Do your homework to avoid student aid scams
Reputable help for filling out FAFSA forms is available, parasites lurk too
By Adam Levin, ThirdCertainty
As July melts into August, many college-age students are once again turning their thoughts (if they haven’t done so already) to that beast of complexity, the FAFSA form—which students must fill out if they want to receive financial aid. While there are many reputable companies that help prepare FAFSA forms, there are a number of parasites out there as well.
Filling out the FAFSA is about as much fun as Thanksgiving dinner table talk when it turns to the topic of college applications. That’s when the money questions are asked, debt horror stories are shared and guests make groaning asides about the 1 percent who don’t have to apply for financial aid.
First things first: In the form’s acronym lies the secret to avoiding the money pitfalls—FAFSA is short for “FREE Application for Federal Student Aid.” Yeah, I know, filling it out is time-consuming, but it’s doable. It’s also complex and requires information that you’re going to have to bird-dog, but it is free.
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However, the complexity is no reason to rush out and hire help. You’re going to be on the phone with parents (and step-parents) regarding questions you can’t possibly answer, like whether or not they have untaxed portions of a pension distribution and if they are regularly contributing to a Keogh. You’re also going to have to ask them personal questions, like how much they earn from work and other money-related topics.
Because it’s complex, there are those who opt to pay a third party to prepare the form, and that’s where problems can arise. The Consumer Financial Protection Bureau recently filed a complaint against a company that provides this service, seeking $5.2 million for alleged deceptive sales tactics and recurring fees. According to the CFPB, 100,000 customers were billed illegally. Marketwatch reported, “Company representatives allegedly told customers that they could enroll in better payment plans at ‘no cost’ and, instead, charged them anywhere between $67 and $85 per year. In addition, the CFPB claims that Student Financial Aid Services put customers in recurring billing programs without their knowledge or consent.” In a statement provided to Marketwatch, the company denied any wrongdoing.
If it’s not free, you might be wise to leave it be
It bears repeating here: There is no fee for the FAFSA—a fact that is embedded in the name of the form. There are a lot of companies and scammers looking to make money off of the free process of applying for federal financial aid.
The FTC has published some rules of the road for spotting a financial aid or scholarship scam:
- The scholarship is “guaranteed or your money back.”
- “You can’t get this information anywhere else.”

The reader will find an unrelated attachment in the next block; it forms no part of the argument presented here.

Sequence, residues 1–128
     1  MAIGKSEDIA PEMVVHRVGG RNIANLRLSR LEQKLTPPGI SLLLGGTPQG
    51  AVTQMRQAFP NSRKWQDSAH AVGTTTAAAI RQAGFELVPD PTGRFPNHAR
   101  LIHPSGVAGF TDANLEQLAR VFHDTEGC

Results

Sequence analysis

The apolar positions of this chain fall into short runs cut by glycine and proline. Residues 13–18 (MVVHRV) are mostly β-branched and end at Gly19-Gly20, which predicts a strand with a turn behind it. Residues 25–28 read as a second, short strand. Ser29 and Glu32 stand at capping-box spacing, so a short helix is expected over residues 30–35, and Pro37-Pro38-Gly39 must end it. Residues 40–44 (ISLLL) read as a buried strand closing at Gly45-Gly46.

- “I just need your credit card or bank account number to hold this scholarship.”
- “We’ll do all the work. You just pay a processing fee.”
- “The scholarship will cost some money.”
- “You’ve been selected” by a “national foundation” to receive a scholarship – or “You’re a finalist” in a contest you never entered.
At the end of the day, common sense is your best guide. Don’t simply rush into the arms of the first organization that offers you a life raft. If someone asks for personally identifying information in the conversation-starter phase of the process—the FAFSA requires a lot of it—that is, prior to actually working on your application, be on guard. Giving out your sensitive data to a company without knowing whom you’re dealing with is one of the easiest ways to become an identity theft victim.
You can’t prevent identity theft—it’s now the third certainty in life—but you can take steps to protect yourself. If you think you may have given information to a scammer, keep an eye on your credit reports. Any big, unexpected changes could signal identity theft, and you’ll want to pull your full credit reports to confirm. You may also want to report any potential scams to the FTC.
Search engines can be your best friends—if used properly
When it comes to avoiding scams and expensive dead-ends, do your homework. It’s important to read up on any service you’re thinking about using and don’t just look at the first two pages of results on whatever search engine you are using. The negative feedback may be on page 4 or 5, so dig a little.
Another reason to do your homework is that you will find helpful tips to increase the amount of money you may have coming to you. Knowledge of the way this 10-page maze of a form works and what points matter most to maximize eligibility can be a game changer. For instance, with just a little poking around you might land on this article that, among other things, relays the fact that retirement accounts and primary residence do not count as reportable investments on FAFSA questions 42, 43, 91, and 92—something many people do not realize—drastically reducing the amount of money allotted to them.
Use your head. If you see success stories, there’s a marketing machine behind them—that doesn’t necessarily mean the offer is a scam, but you should be wary and make sure you understand what it is you’re buying. The same goes for guarantees. If you decide to use a third party, read the fine print, ask about their refund policy. Look for references. Ask for references you can call. Slow and steady wins the race here.
Full disclosure: IDT911 sponsors ThirdCertainty. This story originated as an Op/Ed contribution to Credit.com and does not necessarily represent the views of the company or its partners.
Adam Levin is chairman and co-founder of Credit.com and Identity Theft 911. His experience as former director of the New Jersey Division of Consumer Affairs gives him unique insight into consumer privacy, legislation and financial advocacy. He is a nationally recognized expert on identity theft and credit.